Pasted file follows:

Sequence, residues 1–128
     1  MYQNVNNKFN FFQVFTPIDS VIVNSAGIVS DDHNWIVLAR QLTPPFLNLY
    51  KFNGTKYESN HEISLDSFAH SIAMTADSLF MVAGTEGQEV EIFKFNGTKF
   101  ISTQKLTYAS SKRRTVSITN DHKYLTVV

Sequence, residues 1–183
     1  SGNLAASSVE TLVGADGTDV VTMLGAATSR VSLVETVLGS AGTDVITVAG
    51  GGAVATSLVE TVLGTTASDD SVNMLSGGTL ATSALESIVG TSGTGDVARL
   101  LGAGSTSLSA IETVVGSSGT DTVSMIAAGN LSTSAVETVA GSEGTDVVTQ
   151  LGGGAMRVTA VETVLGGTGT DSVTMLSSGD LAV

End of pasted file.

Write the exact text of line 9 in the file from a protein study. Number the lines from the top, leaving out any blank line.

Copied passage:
   151  LGGGAMRVTA VETVLGGTGT DSVTMLSSGD LAV